Experts say a fresh wave of unrest will cripple the country.
This follows a service delivery protest in Marriannhill outside Durban yesterday, while the government was still battling to curb xenophobic attacks.
A day after King Goodwill Zwelithini addressed thousands at an anti-xenophobia Imbizo at the Moses Mabhida Stadium in Durban, a new wave of protests hit the city – this time a volatile service delivery protest in Marriannhill.
In Isipingo, on the KZN South Coast, police also had to try and curb xenophobic attacks.
Political analyst Protas Madlala said for people to protest after being addressed by the king, shows a blatant disregard of his authority.
“Today just proves that he [Zwelithini] is irrelevant to the people of KwaZulu-Natal, and everything he said during his anti-xenophobia Imbizo on Monday went in the one ear and out the other,” Madlala told News24.
“The Imbizo was irrelevant because it did not address the key issues facing South Africans. People are hungry; they are poor and want jobs. Did the Imbizo address those issues? No,” he said.
He said the anti-xenophobia imbizo was mere ‘political posturing’.
“Yesterday we were dealing with xenophobia and today [Tuesday] in Durban there are service delivery protests. Our country is exploding and it is only going to get worse as we head towards the local general elections,” said Madlala.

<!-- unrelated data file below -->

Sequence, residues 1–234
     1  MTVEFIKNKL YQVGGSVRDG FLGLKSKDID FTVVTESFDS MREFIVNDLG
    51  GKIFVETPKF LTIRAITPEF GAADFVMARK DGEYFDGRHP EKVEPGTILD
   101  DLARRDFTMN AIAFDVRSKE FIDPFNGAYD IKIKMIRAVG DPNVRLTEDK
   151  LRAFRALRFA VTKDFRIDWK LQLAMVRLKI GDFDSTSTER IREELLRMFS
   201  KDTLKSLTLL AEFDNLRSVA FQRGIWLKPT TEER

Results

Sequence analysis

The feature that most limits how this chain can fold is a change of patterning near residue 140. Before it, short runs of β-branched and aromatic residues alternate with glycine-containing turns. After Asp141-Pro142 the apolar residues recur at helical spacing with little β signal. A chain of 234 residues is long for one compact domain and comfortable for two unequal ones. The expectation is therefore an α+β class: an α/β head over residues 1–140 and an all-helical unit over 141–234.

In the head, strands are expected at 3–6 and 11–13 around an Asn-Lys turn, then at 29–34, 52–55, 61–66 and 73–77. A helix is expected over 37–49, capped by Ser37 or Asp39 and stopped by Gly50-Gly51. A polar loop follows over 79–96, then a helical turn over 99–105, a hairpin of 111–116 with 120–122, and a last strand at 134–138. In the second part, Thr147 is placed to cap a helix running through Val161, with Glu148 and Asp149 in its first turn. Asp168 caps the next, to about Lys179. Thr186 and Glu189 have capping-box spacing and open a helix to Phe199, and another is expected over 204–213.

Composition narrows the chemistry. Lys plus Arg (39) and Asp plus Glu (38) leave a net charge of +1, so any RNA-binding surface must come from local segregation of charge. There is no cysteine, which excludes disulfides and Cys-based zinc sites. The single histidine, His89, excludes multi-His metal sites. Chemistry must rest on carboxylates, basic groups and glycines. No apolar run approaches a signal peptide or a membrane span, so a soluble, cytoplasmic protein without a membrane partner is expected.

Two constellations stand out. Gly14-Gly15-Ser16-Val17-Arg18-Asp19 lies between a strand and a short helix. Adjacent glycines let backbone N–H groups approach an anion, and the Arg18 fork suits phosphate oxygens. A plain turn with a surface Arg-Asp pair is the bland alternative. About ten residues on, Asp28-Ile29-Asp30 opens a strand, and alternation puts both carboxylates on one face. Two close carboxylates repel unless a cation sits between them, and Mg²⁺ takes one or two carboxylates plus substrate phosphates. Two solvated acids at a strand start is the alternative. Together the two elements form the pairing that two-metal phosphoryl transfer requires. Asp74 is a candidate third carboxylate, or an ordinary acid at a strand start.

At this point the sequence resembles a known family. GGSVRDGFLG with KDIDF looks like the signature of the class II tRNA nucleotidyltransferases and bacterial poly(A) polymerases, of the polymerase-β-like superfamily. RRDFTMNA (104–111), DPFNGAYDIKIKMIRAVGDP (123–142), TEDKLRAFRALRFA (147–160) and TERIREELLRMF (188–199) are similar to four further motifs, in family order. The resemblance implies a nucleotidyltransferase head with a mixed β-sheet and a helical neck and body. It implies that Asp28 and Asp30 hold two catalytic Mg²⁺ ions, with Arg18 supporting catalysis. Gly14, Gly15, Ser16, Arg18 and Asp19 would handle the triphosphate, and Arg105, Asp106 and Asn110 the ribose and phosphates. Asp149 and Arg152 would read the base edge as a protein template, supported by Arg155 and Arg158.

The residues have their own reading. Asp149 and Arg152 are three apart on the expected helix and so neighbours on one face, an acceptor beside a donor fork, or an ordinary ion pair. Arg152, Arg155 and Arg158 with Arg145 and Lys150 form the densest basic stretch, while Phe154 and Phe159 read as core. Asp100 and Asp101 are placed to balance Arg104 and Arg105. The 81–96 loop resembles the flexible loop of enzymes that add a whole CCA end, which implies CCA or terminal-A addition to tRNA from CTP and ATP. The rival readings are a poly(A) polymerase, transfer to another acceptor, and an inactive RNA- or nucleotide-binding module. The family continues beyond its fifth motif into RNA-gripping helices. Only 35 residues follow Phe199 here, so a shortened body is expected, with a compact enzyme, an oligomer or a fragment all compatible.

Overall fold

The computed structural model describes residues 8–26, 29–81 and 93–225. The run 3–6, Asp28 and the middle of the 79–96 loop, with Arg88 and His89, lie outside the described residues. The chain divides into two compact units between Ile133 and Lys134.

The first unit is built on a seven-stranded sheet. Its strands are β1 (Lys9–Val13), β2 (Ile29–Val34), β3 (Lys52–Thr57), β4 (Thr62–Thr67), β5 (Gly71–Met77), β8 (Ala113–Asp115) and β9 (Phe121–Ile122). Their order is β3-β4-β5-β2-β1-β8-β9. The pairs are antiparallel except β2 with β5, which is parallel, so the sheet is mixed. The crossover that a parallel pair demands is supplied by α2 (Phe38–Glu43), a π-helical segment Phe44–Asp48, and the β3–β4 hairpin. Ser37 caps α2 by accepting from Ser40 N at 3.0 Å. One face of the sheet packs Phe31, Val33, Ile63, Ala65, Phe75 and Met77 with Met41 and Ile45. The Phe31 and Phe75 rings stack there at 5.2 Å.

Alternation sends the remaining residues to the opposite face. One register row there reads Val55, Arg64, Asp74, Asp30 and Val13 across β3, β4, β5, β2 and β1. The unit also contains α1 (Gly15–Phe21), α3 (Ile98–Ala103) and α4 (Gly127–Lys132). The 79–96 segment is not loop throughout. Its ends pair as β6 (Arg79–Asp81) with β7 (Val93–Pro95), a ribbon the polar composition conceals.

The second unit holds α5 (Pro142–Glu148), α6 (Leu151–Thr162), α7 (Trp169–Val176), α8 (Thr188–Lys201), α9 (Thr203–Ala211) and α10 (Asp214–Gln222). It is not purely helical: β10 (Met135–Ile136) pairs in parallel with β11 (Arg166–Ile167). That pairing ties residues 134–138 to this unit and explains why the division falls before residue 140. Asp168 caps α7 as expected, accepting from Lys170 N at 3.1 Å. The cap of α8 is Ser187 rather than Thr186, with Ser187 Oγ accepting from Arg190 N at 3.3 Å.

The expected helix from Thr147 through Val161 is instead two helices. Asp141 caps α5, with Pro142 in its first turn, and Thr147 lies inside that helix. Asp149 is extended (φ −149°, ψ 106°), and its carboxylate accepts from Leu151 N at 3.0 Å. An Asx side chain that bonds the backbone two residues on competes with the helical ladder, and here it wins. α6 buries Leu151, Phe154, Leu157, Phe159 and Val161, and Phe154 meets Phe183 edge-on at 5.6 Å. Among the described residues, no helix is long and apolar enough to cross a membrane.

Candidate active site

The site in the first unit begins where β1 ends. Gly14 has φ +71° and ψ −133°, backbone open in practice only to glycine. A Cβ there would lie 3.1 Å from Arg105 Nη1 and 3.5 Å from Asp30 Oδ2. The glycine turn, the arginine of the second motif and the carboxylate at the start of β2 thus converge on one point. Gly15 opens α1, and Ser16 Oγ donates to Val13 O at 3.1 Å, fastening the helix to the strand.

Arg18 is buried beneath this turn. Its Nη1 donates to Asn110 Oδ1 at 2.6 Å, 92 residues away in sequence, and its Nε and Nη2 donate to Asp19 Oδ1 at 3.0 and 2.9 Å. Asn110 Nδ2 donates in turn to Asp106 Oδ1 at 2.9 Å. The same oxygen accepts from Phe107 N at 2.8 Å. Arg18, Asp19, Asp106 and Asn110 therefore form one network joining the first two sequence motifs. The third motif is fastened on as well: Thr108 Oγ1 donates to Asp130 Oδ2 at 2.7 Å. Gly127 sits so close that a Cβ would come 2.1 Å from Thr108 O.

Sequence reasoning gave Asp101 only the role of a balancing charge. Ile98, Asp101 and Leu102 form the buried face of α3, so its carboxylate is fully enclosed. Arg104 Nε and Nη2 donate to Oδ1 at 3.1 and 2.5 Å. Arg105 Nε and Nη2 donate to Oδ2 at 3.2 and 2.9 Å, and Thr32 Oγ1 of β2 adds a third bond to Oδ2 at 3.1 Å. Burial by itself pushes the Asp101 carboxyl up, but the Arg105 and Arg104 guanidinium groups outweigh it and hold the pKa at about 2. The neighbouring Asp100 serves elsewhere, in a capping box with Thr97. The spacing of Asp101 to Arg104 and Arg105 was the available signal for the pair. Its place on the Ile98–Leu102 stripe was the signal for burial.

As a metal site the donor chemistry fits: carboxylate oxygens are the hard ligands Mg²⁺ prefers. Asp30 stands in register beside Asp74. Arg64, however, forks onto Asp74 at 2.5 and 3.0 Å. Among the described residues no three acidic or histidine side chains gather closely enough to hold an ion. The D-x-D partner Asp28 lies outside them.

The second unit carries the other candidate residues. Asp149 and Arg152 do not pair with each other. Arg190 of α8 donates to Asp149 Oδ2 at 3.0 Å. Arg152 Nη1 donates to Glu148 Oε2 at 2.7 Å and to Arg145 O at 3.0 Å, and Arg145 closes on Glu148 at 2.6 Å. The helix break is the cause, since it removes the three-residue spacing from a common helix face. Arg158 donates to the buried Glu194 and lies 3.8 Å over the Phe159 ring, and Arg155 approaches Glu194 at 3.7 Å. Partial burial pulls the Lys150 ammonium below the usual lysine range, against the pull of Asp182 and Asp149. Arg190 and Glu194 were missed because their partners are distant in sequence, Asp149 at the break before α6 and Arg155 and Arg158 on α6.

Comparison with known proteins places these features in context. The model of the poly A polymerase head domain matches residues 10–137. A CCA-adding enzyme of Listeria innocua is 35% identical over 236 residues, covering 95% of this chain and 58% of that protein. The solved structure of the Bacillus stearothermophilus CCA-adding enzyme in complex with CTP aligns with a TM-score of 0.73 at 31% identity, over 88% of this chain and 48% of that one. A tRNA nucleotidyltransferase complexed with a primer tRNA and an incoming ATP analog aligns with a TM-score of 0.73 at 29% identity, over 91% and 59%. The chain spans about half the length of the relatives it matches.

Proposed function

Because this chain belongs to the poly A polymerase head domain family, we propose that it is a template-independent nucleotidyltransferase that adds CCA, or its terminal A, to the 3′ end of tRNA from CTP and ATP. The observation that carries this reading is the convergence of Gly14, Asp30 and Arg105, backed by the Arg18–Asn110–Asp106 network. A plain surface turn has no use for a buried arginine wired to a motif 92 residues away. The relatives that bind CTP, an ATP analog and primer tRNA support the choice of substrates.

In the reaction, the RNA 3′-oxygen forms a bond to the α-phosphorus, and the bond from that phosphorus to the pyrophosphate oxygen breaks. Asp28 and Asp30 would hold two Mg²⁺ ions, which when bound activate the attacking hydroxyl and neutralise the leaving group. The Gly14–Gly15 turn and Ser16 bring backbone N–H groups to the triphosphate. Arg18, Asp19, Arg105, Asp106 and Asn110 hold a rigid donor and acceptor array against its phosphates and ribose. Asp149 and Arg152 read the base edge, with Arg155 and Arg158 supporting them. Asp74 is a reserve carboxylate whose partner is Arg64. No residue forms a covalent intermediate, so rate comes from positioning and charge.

He urged government to go back to the basics.
“Behind these xenophobic attacks is corruption. Authorities know there are foreigners living in South Africa without proper documentation.
“When I went to study in America, one of the conditions was that I could not get a job there. The day I completed my exams I was asked when I would be leaving the country.”
KwaZulu-Natal Violence Monitor Mary de Haas said that South Africa was on a downward spiral.
“Anarchy is creeping in. We are heading towards a state of lawlessness,” she said.
“We are going to have the local government elections soon and I am afraid things are only going to get worse and more people are afraid to stick their heads out of their windows to help.
“If we had properly functioning government departments, this would not be happening. If people just did what they get paid to do, we wouldn’t have xenophobia and service delivery protests,” De Haas said.
Economist Mike Schussler said South Africa was dealing with too many problems.
“I think for the first time since the dawn of our democracy we are in a situation where we have an array of things going against us. We have electricity constraints, water shortages, poor infrastructure and road networks that are dysfunctional,” Schussler told News24.
“Africa means more to us than we realise. We export more goods to African countries than anywhere else.”
A senior lecturer at University of KwaZulu-Natal’s School of Accounting, Economics & Finance believes the government could have handled the xenophobia issue better.
Harold Ngalawa said, “We have had colleagues repatriated from Mozambique and that is the direct impact that xenophobia has had on the country. If there is a reduction of South African production in Mozambique, that will have a negative gross national income.”
He said government needed to do damage control because “we have shown the international community that we lack tolerance”.
He disagreed with the other experts, however, saying South Africa was not at a breaking point yet.
“I wouldnt say that things are out of control yet, but the government needs to do major damage control,” said Ngalawa. News24